Media coverage of our research
Above: One of the researchers working on the ADHD study, Joe Wagner from the Queensland Brain Institute.
Above: As part of the study, participating children will be asked to perform several assessments of ability (reading, spelling, problem solving), as well as some computer-based tasks.
By documenting cognitive ability in children with ADHD, researchers hope to determine genetic differences between those children with and without cognitive problems.
Download a printable A4 flyer (420 kb) about the ADHD study. Click the image above to download.
Attention Deficit Hyperactivity Disorder or ADHD is a common behavioural condition that affects thousands of children and families in Australia. Research scientists working in this area suspect ADHD might have a strong genetic component.
Psychological studies have shown that many children with ADHD experience cognitive problems – such as difficulties associated with focusing attention, remembering things, day-to-day planning or inhibiting behaviour. The precise relationship between cognitive problems in children with ADHD and their inherited genes is not yet known.
A group of Australian researchers is currently embarking upon a large scientific study to better understand the links between genetics and children diagnosed with ADHD.
Researchers at the Queensland Brain Institute, the Mater Children’s Hospital Brisbane, the Royal Children’s Hospital Melbourne and Curtin University of Technology have been funded by the National Health and Medical Research Council (NMRC) of Australia to investigate the relationships between genetics, cognition and brain function in children with ADHD.
By documenting cognitive ability in children with ADHD, researchers hope to determine genetic differences between those children with and without cognitive problems. Furthermore, by examining brain activity using functional magnetic resonance imaging (fMRI) we will be able to determine how genes influence brain function in children with ADHD.
The cognitive assessments we conduct as part of the study are similar to those used during a psycho-educational assessment. It is hoped that ultimately our discoveries will help medical practitioners to better target treatments for children and adolescents with ADHD.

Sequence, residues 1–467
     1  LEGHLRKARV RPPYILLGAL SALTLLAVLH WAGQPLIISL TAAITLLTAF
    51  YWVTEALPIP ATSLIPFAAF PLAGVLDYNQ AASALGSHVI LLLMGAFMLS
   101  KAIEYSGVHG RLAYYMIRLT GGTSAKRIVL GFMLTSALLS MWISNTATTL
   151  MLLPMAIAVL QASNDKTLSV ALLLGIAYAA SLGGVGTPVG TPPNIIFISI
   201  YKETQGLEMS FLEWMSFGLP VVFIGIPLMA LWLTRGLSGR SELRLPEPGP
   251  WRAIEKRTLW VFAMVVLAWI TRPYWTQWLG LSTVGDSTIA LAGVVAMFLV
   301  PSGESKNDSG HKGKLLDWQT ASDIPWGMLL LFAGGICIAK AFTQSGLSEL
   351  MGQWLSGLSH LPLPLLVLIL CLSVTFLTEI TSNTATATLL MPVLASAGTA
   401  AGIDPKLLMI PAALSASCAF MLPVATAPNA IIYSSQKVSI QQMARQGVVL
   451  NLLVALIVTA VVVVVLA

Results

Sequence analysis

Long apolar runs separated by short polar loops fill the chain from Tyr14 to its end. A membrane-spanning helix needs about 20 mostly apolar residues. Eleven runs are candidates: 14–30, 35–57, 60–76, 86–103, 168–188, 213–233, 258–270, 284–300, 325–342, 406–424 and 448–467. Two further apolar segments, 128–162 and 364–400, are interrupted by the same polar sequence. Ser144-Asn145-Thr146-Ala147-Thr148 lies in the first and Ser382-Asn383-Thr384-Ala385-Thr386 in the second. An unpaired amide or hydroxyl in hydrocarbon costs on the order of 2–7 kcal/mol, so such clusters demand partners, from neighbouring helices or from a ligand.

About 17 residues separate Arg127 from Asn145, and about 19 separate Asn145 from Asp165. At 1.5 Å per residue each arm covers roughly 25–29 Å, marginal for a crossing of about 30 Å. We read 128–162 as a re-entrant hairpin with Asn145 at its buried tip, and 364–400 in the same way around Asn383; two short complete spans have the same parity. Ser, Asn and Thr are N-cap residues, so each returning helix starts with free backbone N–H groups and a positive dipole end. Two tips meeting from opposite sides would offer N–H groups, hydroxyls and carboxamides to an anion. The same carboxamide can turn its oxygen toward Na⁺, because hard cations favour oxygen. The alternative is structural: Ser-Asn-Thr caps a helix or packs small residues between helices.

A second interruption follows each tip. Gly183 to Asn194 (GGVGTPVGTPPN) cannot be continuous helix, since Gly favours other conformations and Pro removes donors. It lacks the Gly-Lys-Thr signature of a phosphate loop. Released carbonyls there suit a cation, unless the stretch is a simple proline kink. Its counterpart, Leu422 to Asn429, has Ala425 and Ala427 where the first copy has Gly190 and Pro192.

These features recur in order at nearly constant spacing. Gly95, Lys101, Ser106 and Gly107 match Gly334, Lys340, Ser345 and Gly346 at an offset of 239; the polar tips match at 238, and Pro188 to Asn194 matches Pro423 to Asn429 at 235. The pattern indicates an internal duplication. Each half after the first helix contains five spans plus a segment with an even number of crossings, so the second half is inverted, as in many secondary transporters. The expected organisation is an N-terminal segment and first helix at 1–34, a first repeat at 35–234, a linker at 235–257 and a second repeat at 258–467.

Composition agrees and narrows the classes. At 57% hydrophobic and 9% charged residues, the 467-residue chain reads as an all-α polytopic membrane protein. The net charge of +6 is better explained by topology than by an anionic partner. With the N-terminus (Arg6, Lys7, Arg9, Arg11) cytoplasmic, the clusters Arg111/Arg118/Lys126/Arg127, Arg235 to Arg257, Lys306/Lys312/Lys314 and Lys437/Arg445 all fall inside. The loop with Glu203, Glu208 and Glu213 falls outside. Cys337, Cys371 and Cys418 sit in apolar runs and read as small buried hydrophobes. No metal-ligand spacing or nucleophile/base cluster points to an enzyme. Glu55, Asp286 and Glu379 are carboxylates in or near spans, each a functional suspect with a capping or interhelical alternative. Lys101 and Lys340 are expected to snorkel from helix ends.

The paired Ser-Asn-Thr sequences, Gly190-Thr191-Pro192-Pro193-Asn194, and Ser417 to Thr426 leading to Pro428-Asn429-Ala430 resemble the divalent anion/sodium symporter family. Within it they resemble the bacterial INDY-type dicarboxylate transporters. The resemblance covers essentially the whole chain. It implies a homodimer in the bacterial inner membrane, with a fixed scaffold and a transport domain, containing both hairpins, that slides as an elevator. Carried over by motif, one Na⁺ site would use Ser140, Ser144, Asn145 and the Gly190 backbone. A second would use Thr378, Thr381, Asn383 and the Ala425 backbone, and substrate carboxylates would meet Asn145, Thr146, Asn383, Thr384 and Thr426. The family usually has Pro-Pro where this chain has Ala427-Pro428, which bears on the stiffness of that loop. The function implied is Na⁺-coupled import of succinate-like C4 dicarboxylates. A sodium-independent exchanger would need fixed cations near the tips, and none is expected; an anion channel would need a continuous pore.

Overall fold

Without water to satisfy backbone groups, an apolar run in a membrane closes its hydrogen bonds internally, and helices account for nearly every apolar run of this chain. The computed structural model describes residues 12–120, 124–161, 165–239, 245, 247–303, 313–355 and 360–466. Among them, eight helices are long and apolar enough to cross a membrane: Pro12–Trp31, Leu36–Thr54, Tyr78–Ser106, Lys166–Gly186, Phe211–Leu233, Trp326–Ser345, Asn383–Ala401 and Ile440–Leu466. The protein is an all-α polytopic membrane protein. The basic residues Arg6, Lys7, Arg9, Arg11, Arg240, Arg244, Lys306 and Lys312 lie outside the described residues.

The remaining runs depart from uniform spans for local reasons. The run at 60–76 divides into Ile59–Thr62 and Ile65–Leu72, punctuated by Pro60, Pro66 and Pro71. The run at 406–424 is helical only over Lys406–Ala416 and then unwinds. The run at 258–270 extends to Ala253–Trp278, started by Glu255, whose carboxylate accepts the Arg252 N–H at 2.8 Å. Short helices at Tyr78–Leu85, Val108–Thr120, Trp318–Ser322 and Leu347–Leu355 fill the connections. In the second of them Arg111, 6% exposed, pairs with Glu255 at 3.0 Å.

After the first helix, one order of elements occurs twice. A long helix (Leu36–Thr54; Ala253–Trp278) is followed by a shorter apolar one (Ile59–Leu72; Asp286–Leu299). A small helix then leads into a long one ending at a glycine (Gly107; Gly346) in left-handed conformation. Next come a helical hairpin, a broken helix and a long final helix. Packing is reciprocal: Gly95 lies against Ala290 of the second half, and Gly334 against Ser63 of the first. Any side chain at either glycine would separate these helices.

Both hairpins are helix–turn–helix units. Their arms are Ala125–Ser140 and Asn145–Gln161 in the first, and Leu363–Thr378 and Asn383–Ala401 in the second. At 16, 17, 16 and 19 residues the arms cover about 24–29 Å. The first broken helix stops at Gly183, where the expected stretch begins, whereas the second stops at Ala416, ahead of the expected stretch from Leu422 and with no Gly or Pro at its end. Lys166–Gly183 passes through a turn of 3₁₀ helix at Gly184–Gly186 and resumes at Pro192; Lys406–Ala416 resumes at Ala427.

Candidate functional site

This study is designed to improve our knowledge of the genetic basis of ADHD. It is important to note that although this research might have implications for the future development of therapeutic treatments, there is unlikely to be any immediate benefit for you or your child.
However, some of the data gathered by the researchers can only be obtained through specialist testing. Should you wish, the research scientists will provide your doctor with any clinically relevant data that might assist them in assessing your child’s ability.
Although the research scientists will not be able to provide detailed reports of your child’s abilities, useful information about reading, spelling and general ability will be provided to your doctor at your request.
The three-year study is expected to start in early 2009 and involve an estimated 600 families who have a child with ADHD. The research is supported by doctors who treat ADHD patients at two of Australia’s largest children’s hospitals, and the neuroscientists developing the study come from university-based research centres in Brisbane and Melbourne.
To be eligible to participate your child must: 1) have been diagnosed with ADHD, and 2) be between the ages of 8 and 16 and have no history of neurological disorder or psychosis.
You and your child will be invited to attend one of our centres in Brisbane (Mater Children’s Hospital) or Melbourne (Royal Children’s Hospital). You will usually be asked to attend two sessions. During the first session, our staff will ask you detailed questions regarding your child’s behaviour. You and your child will then be asked to complete some questionnaires.
The entire first session should take about 90 minutes. At the second session, your child will be asked to perform several assessments of ability (reading, spelling, problem solving), as well as some computer-based tasks.
The computer tasks are important as they will allow the researchers to assess your child’s cognitive ability in several different areas. Researchers will later cross-reference the information obtained from the questionnaires and computer tasks with the genetic profiles of all the ADHD children in the study.
Your child may also be asked to participate in a non-invasive fMRI study to determine how genes for ADHD influence brain activity. This aspect of the research will be conducted at the Wesley Hospital in Brisbane or at the Royal Children’s Hospital in Melbourne. Our researchers will determine with you at the time of your initial visit whether you are interested in participating in the fMRI component of the study.
Because the researchers are looking for genetic links, a routine saliva sample is required from parent/s and child to map your unique DNA signature. Once collected, the genetic material will be cross-referenced with the results from the questionnaires and assessments. After the data is collected, it is de-identified to ensure your privacy.
More information about the study can be obtained from the Chief Investigators at each of the locations listed below.
Professor Alasdair Vance: email@example.com
Dr Neilson Martin: firstname.lastname@example.org (08) 9266 3294